Konstantin (Kostya) Dmitrich Levin Quotes in Anna Karenina
The old grass and the sprouting needles of new grass greened, the buds on the guelder-rose, the currants and the sticky, spirituous birches swelled, and on the willow, all sprinkled with golden catkins, the flitting, newly hatched bee buzzed.
He thought of nothing, desired nothing, except not to lag behind and to do the best job be could. He heard only the clang of scythes and ahead of him saw Titus’s erect figure moving on, the curved semicircle of this mowed space, grass and flower-heads bending down slowly and wavily about the blade of his scythe, and ahead of him the end of the swath, where rest would come.
“Here,” he said, and wrote the initial letters: w, y, a, m: t, c, b, d, i, m, n, o, t? These letters meant: “When you answered me: ‘that cannot be,’ did it mean never or then?” ... She wrote, t, I, c, g, n, o, a ... And he wrote three letters. But she was reading after his hand, and before he finished writing, she finished it herself and wrote the answer: “Yes.”
All that night and morning Levin had lived completely unconsciously and had felt himself completely removed from the conditions of material life. He had not eaten for a whole day, had not slept for two nights, had spent several hours undressed in the freezing cold, yet felt not only fresh and healthy as never before but completely independent of his body.
Often and much as they had both heard about the belief that whoever is first to step on the rug will be the head in the family, neither Levin nor Kitty could recall it as they made those few steps. Nor did they hear the loud remarks and disputes that, in the observation of some, he had been the first, or, in the opinions of others, they had steps on it together.
The sight of his brother and the proximity of death renewed in Levin’s soul that feeling of horror at the inscrutability and, with that, the nearness and inevitability of death, which had seized him on that autumn evening when his brother had come for a visit. The feeling was now stronger than before; he felt even less capable than before of understanding the meaning of death, and its inevitability appeared still more horrible to him; but now, thanks to his wife’s nearness, the feeling did not drive him to despair: in spite of death, he felt the necessity to live and to love. He felt that love saved him from despair and that under the threat of despair this love was becoming still stronger and purer.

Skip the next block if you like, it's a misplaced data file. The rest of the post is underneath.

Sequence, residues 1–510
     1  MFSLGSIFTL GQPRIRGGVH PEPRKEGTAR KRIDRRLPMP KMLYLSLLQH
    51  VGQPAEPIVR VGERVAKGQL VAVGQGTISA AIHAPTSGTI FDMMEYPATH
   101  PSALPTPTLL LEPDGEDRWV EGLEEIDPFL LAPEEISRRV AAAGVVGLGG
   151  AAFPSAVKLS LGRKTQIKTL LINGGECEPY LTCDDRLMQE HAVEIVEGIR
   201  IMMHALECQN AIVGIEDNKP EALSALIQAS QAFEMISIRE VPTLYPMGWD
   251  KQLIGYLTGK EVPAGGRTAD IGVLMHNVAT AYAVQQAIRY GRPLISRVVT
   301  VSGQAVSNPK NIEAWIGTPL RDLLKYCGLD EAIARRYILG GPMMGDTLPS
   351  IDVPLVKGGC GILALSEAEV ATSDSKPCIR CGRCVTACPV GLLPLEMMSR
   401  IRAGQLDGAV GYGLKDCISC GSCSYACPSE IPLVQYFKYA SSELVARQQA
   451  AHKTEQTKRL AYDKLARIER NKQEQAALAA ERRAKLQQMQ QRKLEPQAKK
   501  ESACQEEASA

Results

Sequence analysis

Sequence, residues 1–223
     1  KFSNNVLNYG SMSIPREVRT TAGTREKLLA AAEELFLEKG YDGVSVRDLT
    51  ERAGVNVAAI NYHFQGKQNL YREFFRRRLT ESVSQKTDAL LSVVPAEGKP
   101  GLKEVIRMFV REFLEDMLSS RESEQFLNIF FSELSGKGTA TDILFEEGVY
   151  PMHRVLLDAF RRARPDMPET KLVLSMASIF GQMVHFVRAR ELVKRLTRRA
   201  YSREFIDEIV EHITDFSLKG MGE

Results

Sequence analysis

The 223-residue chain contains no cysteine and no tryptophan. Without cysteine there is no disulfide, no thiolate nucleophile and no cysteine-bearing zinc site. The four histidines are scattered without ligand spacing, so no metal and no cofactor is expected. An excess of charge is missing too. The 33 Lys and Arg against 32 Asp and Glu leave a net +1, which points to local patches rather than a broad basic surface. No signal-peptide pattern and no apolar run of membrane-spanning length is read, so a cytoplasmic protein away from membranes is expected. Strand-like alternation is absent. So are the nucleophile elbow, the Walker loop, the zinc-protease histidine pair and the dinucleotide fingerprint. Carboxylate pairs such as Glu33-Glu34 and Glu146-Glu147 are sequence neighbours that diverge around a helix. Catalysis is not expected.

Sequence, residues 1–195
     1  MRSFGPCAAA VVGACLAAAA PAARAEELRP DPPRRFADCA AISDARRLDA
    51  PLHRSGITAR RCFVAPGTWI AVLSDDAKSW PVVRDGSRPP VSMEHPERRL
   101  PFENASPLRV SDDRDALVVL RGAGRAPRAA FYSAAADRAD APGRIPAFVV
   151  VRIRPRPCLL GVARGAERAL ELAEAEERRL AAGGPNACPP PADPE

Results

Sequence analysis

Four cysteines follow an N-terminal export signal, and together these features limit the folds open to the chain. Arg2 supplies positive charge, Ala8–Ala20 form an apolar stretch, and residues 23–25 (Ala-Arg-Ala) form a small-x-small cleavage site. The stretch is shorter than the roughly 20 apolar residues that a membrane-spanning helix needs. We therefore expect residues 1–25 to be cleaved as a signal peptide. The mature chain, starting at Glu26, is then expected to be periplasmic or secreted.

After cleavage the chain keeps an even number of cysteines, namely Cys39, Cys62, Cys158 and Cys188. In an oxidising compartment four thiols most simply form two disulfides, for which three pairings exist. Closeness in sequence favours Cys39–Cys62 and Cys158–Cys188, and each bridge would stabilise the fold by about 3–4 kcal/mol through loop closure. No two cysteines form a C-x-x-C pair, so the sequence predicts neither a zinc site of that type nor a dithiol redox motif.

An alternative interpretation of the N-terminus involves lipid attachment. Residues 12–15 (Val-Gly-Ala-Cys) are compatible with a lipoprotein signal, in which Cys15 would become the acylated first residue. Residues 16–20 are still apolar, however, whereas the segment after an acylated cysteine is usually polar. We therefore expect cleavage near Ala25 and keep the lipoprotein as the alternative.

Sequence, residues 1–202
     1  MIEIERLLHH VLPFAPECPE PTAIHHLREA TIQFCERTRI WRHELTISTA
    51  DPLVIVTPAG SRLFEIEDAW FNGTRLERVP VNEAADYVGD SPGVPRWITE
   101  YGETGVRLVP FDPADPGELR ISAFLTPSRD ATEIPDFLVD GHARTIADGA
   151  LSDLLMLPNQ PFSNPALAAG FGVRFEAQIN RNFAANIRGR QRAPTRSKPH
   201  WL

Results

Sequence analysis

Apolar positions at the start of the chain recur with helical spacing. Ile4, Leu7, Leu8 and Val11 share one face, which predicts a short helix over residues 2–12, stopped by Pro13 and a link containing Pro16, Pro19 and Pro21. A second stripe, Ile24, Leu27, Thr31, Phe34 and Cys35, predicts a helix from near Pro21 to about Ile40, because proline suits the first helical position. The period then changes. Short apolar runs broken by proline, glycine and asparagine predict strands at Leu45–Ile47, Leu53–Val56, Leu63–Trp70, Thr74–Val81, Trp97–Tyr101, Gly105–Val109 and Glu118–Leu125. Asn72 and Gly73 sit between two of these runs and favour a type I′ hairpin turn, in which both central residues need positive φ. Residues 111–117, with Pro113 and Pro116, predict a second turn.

But it was an unlucky day; he missed, and when he went to look for the one he had shot, he could not find it either. He searched everywhere in the sedge, but Laska did not believe he had shot it, and when he sent her to search, she did not really search but only pretended.
He knew and felt only that what was being accomplished was similar to what had been accomplished a year ago in a hotel in a provincial capital, on the deathbed of his brother Nikolai. But that had been grief and this was joy. But that grief and this joy were equally outside all ordinary circumstances of life, were like holes in this ordinary life, through which something higher showed. And just as painful, as tormenting in its coming, was what was now accomplished; and just as inconceivably, in contemplating this higher thing, the soul rose to such heights as it had never known before, where reason was no longer able to overtake it.
“I’ll get angry in the same way with the coachman Ivan, argue in the same way, speak my mind inappropriately, there will be the same wall between my soul’s holy of holies and other people, even my wife, I’ll accuse her in the same way of my own fear and then regret it, I’ll fail in the same way to understand with my reason why I pray, and yet I will pray – but my life now, my whole life, regardless of all that may happen to me, every minute of it, is not only meaningless, as it was before, but has the unquestionable meaning of the good which is in my power to put into it!”